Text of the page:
Scientists have known about the Zika Virus for over half a century:
The virus was first identified in rhesus monkeys in Uganda in 1947, and in humans in 1952 in Uganda and Tanzania. In 2015, Zika outbreaks were confirmed in Brazil and Colombia.
Normally spread by mosquito bite, the virus can also be sexually transmitted. While the virus is most known for flu-like symptoms and conjunctivitis, we now know it can also lead to increased incidence of microcephaly (a smaller than expected head) in fetuses:
Ultrasonographic examination that was performed at 29 weeks of gestation showed the first signs of fetal anomalies, and she was referred to the Department of Perinatology. At that time, she also noticed reduced fetal movements. Ultrasonography that was performed at 32 weeks of gestation confirmed intrauterine growth retardation (estimated third percentile of fetal weight) with normal amniotic fluid, a placenta measuring 3.5 cm in thickness (normal size) with numerous calcifications, a head circumference below the second percentile for gestation (microcephaly), moderate ventriculomegaly, and a transcerebellar diameter below the second percentile.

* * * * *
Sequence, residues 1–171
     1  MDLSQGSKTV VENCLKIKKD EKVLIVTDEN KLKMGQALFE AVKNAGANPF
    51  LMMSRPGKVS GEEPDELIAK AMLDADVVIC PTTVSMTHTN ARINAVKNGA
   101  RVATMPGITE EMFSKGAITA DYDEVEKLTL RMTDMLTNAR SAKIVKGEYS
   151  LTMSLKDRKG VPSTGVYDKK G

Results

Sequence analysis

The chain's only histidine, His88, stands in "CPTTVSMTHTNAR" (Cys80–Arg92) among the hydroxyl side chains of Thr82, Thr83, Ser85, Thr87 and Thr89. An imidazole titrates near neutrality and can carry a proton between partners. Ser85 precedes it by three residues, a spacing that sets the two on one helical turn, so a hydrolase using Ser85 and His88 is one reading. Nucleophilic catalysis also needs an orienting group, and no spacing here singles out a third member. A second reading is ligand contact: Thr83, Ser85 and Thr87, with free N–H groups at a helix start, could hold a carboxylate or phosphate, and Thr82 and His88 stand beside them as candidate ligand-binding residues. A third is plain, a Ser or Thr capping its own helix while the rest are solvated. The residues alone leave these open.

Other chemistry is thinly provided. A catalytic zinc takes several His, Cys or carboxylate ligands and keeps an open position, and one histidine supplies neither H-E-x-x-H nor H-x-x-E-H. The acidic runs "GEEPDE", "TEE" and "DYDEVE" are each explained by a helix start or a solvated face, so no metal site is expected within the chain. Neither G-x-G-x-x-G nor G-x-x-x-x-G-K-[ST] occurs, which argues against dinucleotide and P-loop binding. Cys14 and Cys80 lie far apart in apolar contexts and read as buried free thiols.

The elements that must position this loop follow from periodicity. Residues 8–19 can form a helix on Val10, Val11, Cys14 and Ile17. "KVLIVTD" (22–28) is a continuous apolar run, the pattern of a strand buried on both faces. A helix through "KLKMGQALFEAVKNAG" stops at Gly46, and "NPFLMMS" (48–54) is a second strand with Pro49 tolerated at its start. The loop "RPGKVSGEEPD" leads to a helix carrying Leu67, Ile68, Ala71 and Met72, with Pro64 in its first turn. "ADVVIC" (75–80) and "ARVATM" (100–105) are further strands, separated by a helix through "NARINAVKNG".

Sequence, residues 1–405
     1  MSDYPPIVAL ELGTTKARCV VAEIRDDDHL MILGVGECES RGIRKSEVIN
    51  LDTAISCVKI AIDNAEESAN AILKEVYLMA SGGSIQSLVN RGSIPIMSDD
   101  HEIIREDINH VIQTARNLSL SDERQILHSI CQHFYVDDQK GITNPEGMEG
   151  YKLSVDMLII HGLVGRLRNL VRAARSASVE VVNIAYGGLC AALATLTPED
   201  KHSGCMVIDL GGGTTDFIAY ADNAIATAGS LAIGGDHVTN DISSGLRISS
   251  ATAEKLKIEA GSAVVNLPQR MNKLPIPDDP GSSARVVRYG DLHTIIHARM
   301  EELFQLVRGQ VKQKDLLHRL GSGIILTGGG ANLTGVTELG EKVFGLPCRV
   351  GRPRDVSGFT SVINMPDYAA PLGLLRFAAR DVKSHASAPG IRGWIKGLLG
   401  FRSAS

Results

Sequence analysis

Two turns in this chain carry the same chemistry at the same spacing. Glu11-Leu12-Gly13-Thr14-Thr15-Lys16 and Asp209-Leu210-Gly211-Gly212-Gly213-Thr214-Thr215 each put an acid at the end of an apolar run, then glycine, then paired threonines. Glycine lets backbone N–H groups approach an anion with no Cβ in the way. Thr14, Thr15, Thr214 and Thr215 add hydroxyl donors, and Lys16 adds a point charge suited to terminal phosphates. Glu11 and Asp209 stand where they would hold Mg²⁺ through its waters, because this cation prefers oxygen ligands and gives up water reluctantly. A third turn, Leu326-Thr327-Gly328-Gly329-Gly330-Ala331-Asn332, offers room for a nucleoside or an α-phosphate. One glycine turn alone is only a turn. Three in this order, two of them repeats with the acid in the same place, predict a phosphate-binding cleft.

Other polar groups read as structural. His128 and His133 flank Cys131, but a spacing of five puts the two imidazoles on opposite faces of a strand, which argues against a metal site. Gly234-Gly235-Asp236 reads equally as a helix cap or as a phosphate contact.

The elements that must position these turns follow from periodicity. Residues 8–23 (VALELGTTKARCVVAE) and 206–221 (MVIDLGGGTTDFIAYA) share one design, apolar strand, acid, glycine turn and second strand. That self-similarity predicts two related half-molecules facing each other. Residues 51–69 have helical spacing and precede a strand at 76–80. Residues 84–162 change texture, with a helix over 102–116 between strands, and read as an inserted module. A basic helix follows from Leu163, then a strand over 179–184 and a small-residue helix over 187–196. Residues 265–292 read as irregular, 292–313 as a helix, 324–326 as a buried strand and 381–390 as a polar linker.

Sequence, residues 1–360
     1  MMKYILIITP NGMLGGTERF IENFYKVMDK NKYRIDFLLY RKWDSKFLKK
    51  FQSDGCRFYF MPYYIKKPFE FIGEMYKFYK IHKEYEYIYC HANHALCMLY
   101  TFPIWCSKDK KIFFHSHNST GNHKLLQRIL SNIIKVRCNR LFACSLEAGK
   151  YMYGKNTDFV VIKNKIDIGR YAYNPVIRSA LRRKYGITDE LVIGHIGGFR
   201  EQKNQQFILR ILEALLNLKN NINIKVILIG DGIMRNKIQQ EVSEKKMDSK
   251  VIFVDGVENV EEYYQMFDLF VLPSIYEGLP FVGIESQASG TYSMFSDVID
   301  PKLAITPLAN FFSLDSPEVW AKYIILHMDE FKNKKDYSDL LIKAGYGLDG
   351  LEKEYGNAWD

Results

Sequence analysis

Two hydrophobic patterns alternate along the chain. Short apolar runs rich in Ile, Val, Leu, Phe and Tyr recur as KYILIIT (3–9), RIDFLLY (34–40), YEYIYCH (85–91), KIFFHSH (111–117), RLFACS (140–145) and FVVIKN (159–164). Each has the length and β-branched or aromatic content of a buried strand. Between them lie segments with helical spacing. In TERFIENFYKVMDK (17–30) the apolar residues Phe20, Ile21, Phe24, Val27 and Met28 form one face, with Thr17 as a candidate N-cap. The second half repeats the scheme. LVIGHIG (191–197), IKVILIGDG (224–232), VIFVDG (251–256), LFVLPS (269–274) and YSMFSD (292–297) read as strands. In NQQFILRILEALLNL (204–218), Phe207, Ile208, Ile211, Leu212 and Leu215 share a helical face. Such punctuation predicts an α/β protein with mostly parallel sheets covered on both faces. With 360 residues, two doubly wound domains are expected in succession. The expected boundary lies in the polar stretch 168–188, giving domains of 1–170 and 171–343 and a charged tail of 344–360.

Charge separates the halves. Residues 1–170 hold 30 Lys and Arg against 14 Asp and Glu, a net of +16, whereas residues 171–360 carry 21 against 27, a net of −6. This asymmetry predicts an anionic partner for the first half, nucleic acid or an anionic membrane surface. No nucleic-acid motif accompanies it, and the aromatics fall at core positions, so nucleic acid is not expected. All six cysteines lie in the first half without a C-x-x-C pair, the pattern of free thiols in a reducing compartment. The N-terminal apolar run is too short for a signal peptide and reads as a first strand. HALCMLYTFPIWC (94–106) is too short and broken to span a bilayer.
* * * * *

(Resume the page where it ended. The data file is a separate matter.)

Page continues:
Because of this increased risk of birth defects, Zika has been declared an international health emergency by the World Health Organization. Pregnant women are being warned against travel to areas where the virus is more common.